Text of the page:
Brush up your Shakespeare

Posted by Marlinee on Apr 27, 2014 in Middle Age |

Apparently Shakespeare turned 450 this week. This event went unheralded by Google (which thought Earth day was a more worthy doodle of the day), so there is of course some doubt as to whether this anniversary actually took place. Much like there is still some doubt that Shakespeare actually wrote everything that bears his name. But let’s put aside these petty controversies.

Shakespeare is one of those cultural touch points that is part of virtually everyone’s (at least in the English speaking world) experience. Or in fact, everyone’s shared trauma, because no man in the history of the world has inspired such universal loathing. The only people who got out alive in my high school were in the ‘non-academic’ stream and got to watch West Side Story instead of reading Henry IV Part 2.

I have many bones to pick with Shakespeare. Here are some of them.

The soliloquies. A soliloquy is defined as “an utterance by a person who is talking to himself or is otherwise disregardful of any hearers present”. And here lies the essence of my problem: generally, the only person interested in what someone who is talking to himself is himself. Also, for some reason, teachers of Shakespeare think that memorizing a soliloquy or two is essential to the process of understanding the play in question. I’d be happy to recite the first soliloquy by Prince Hal in Henry IV that I was forced to learn about 40 years ago. That’s because it is still taking up some of my brain cells, regardless of whether I could probably use them for something else, like remembering where I left my glasses.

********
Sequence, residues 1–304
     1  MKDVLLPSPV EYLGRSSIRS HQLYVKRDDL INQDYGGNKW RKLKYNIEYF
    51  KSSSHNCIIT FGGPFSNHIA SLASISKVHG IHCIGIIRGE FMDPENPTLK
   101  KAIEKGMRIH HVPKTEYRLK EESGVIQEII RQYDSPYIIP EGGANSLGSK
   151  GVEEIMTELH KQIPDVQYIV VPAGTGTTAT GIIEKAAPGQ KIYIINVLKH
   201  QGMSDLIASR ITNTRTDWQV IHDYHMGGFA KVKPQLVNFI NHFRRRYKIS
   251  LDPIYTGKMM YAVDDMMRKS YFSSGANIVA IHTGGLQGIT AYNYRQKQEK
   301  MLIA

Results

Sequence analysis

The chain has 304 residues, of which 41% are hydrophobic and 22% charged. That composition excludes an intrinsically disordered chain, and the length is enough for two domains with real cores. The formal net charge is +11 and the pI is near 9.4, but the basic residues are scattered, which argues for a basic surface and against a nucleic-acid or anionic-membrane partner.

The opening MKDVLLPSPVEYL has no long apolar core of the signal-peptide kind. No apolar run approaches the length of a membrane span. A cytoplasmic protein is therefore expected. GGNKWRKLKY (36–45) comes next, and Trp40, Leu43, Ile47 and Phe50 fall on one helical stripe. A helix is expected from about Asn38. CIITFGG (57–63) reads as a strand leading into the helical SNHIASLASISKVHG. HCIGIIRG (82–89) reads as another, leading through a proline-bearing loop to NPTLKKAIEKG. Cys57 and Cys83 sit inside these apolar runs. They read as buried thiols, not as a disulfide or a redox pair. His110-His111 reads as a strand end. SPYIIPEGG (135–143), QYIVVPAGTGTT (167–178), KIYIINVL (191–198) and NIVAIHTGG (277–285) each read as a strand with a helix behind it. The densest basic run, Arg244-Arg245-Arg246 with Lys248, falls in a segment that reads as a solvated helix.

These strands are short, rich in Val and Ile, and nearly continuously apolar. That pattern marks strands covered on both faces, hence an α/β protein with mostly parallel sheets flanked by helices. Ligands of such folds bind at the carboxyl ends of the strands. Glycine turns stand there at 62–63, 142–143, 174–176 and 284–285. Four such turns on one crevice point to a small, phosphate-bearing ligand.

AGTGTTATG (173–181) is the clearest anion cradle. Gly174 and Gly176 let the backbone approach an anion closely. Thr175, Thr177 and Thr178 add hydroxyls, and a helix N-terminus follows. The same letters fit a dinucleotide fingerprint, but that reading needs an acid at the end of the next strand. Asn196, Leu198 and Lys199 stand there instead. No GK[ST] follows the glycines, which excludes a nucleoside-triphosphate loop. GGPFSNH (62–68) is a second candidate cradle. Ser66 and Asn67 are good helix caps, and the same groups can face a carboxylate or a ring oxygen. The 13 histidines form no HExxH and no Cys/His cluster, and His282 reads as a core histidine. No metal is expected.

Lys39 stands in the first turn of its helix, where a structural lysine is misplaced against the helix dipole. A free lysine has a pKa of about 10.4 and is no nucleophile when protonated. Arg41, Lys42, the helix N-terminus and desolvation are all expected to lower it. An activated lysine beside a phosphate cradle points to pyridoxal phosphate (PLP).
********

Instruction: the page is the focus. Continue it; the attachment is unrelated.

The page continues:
The quotes.There are 2,810 Shakespeare quotes that have been catalogued. You probably know the top of the hit parade, like “Some are born great, some achieve greatness, and others have greatness thrust upon them” and “All that glistens is not gold.” And I have no quarrel with these. What bugs me about Shakespeare quotes are the misquotes that have taken on a life of their own. For example, the witches did not say “bubble, bubble, toil and trouble” but “double, double toil and trouble”. This was supposedly Walt Disney’s fault, who thought he could re-write Shakespeare. Oh wait, I guess he did, rather successfully as I would bet a random poll of people on the street would quote Walt’s version rather than Will’s.

The words. We all know they talked a different breed of English back in the Shakespearian day. Some words have completely disappeared, while others mean something completely different. “Wherefore art thou Romeo?” actually means ‘why are you’ not ‘where are you’ (see also, misquoting). But that’s not the worst part. For some reason people feel it is necessary to use what they think passes as a Shakespearian accent when appropriating his words. As well, Shakespeare felt the need to just make words up. About 2,200 of them at last count. Mr. Shakespeare, you are a cold-blooded arch-villain who has disheartened many a student’s eyeball. Good thing you are already dead or we’d have to assassinate you.

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